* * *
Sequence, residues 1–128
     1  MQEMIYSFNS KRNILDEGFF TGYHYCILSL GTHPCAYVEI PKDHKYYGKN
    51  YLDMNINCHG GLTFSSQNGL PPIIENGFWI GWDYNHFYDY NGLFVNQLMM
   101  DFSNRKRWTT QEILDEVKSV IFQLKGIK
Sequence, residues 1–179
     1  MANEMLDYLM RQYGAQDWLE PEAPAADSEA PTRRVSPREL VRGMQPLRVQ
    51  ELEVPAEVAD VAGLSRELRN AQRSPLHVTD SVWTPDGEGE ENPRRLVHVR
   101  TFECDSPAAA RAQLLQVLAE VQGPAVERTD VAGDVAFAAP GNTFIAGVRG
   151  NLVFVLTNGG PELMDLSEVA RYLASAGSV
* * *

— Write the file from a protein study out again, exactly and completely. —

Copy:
Sequence, residues 1–128
     1  MQEMIYSFNS KRNILDEGFF TGYHYCILSL GTHPCAYVEI PKDHKYYGKN
    51  YLDMNINCHG GLTFSSQNGL PPIIENGFWI GWDYNHFYDY NGLFVNQLMM
   101  DFSNRKRWTT QEILDEVKSV IFQLKGIK
Sequence, residues 1–179
     1  MANEMLDYLM RQYGAQDWLE PEAPAADSEA PTRRVSPREL VRGMQPLRVQ
    51  ELEVPAEVAD VAGLSRELRN AQRSPLHVTD SVWTPDGEGE ENPRRLVHVR
   101  TFECDSPAAA RAQLLQVLAE VQGPAVERTD VAGDVAFAAP GNTFIAGVRG
   151  NLVFVLTNGG PELMDLSEVA RYLASAGSV